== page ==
Just as suddenly as Chicago’s rally came together, however, it came to an end. An Andrew Chafin fastball on a 2-2 count finished close enough to Mazara’s knees for the home plate umpire to rule it strike three, putting an end to the hopes of a division title and early home field advantage for the White Sox. Don’t feel too badly for them, though — they still have postseason berth, their first since 2008 and just their second since winning the World Series in 2005. They’ll enter the postseason as the No. 7 seed, meaning they will travel to Oakland and take on the No. 2-seed Athletics in a best-of-three Wild Card series beginning on Tuesday.
But there is a benefit to drearily meandering from one losing season to the next, at least according to those in charge of said losing teams, and that is the accumulation of talent gained from high draft picks and trading away established major-league players for bushels of cheap minor league talent. The fruits of those draft picks and trades — along with offseason additions like Yasmani Grandal — have been evident on this year’s White Sox team, which boasts the highest position player WAR total in baseball:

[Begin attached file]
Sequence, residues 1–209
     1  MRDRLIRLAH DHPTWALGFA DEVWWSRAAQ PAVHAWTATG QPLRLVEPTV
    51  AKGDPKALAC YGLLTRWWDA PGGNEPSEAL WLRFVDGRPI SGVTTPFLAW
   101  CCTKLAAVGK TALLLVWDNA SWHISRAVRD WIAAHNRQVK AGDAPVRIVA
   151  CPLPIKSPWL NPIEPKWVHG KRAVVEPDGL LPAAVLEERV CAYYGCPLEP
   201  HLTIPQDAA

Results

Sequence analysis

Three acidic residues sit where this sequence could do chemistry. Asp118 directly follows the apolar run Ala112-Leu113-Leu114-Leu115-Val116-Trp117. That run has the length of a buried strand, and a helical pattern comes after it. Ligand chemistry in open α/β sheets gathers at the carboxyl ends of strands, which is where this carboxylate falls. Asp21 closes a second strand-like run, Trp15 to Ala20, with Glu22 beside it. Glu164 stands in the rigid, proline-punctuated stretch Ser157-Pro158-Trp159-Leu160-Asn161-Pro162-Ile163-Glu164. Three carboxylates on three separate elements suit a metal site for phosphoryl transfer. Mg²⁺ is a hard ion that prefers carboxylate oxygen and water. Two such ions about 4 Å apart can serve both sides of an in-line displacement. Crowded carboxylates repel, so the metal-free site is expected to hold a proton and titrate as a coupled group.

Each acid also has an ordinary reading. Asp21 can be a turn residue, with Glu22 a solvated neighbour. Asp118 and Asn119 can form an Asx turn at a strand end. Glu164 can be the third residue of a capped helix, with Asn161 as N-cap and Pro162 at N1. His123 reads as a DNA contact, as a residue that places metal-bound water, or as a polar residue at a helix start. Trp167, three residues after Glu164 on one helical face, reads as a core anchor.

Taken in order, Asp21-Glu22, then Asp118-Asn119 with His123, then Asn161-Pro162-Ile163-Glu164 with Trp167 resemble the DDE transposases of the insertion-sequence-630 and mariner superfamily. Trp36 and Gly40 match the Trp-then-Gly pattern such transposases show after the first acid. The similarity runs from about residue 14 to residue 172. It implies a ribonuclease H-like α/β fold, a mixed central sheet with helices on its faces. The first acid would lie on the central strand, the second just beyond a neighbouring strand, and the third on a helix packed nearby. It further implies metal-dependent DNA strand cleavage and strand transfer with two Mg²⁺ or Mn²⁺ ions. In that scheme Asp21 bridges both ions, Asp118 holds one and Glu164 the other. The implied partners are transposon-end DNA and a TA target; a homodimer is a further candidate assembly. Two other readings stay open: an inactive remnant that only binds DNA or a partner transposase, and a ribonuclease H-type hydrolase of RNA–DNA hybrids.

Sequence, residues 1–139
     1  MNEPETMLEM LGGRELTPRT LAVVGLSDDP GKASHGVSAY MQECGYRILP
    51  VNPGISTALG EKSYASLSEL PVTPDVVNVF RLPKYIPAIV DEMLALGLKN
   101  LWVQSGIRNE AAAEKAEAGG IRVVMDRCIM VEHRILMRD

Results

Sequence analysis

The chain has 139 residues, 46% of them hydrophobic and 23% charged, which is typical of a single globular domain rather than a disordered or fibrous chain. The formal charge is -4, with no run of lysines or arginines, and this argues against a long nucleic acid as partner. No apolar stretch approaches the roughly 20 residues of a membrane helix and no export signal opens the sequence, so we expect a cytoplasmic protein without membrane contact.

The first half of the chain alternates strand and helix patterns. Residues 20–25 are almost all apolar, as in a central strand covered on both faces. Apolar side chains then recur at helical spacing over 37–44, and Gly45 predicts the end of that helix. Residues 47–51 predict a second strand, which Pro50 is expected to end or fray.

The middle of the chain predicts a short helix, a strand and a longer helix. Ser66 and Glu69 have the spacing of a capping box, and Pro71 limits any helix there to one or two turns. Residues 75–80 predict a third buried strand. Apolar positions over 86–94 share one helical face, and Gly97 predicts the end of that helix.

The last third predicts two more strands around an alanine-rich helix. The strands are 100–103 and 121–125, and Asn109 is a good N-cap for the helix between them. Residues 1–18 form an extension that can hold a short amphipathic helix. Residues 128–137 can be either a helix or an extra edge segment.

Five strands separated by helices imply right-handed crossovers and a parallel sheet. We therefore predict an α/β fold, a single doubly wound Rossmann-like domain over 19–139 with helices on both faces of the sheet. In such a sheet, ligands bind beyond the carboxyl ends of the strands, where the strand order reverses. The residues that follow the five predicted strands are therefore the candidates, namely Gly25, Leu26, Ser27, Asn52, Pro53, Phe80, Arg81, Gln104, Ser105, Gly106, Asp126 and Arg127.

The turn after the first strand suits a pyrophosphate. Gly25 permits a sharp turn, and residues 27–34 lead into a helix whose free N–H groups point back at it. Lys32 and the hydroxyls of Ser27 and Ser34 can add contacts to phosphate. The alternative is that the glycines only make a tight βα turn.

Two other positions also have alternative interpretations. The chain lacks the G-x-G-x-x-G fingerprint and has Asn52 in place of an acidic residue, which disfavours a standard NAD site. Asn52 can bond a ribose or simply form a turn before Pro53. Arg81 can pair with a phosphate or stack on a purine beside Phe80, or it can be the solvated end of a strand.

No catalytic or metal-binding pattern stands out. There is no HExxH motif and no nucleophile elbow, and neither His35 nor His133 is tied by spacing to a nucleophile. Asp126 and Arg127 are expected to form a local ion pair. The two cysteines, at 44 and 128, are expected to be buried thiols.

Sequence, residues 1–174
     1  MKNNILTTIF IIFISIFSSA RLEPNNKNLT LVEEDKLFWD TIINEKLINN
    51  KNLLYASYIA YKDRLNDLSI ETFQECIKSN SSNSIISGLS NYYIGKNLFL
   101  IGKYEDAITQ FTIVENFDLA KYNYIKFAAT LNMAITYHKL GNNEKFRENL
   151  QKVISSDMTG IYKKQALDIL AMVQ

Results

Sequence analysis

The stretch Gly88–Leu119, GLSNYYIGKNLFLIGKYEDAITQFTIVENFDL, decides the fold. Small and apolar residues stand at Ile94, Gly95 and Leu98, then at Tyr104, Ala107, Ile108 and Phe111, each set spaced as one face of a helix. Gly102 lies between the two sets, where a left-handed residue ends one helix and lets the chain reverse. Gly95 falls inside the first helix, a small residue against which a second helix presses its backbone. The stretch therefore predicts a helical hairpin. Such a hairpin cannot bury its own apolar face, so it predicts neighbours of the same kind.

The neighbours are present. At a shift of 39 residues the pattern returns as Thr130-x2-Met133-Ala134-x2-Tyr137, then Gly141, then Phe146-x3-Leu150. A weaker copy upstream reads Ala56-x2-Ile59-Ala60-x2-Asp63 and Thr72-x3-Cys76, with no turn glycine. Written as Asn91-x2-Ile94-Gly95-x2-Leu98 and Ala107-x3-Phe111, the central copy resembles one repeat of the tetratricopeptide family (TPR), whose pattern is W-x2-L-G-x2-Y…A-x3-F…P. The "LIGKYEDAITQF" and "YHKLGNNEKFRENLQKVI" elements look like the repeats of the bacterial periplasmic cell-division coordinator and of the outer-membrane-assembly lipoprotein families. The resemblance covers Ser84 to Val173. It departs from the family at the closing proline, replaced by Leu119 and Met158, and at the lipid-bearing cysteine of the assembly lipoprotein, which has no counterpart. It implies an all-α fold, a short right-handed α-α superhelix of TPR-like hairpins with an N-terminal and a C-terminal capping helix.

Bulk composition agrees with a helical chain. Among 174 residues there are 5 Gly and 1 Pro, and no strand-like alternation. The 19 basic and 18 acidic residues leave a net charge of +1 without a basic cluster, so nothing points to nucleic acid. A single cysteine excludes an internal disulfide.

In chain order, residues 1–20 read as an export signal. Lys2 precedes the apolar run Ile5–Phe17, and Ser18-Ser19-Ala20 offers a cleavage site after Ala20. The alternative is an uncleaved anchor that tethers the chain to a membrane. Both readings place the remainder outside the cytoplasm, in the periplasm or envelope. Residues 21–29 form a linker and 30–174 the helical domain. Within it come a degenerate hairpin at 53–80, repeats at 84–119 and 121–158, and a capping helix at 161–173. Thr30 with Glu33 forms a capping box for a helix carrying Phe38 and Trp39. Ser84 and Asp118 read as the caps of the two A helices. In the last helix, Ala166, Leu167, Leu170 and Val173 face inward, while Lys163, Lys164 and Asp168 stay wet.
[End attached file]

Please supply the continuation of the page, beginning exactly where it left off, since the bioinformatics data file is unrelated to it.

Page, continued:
Jimenez and Moncada both came to the White Sox in high-profile trades while they were world-renowned prospects, while Robert, Anderson and Madrigal are all homegrown talents, either through the domestic draft or international signings. Meanwhile, Abreu — a possible MVP of not only his own team, but also the American League — is a player the White Sox signed out of Cuba as a 27-year-old established pro all the way back in 2014, before the full rebuild had commenced and hope of a quick turnaround still lingered. Getting most or all of these players, from rookies to vets, to perform well in 2020 was always a crucial part of Chicago’s rebuilding plan, and it has helped bring the team back to the postseason just two years after a 100-loss season.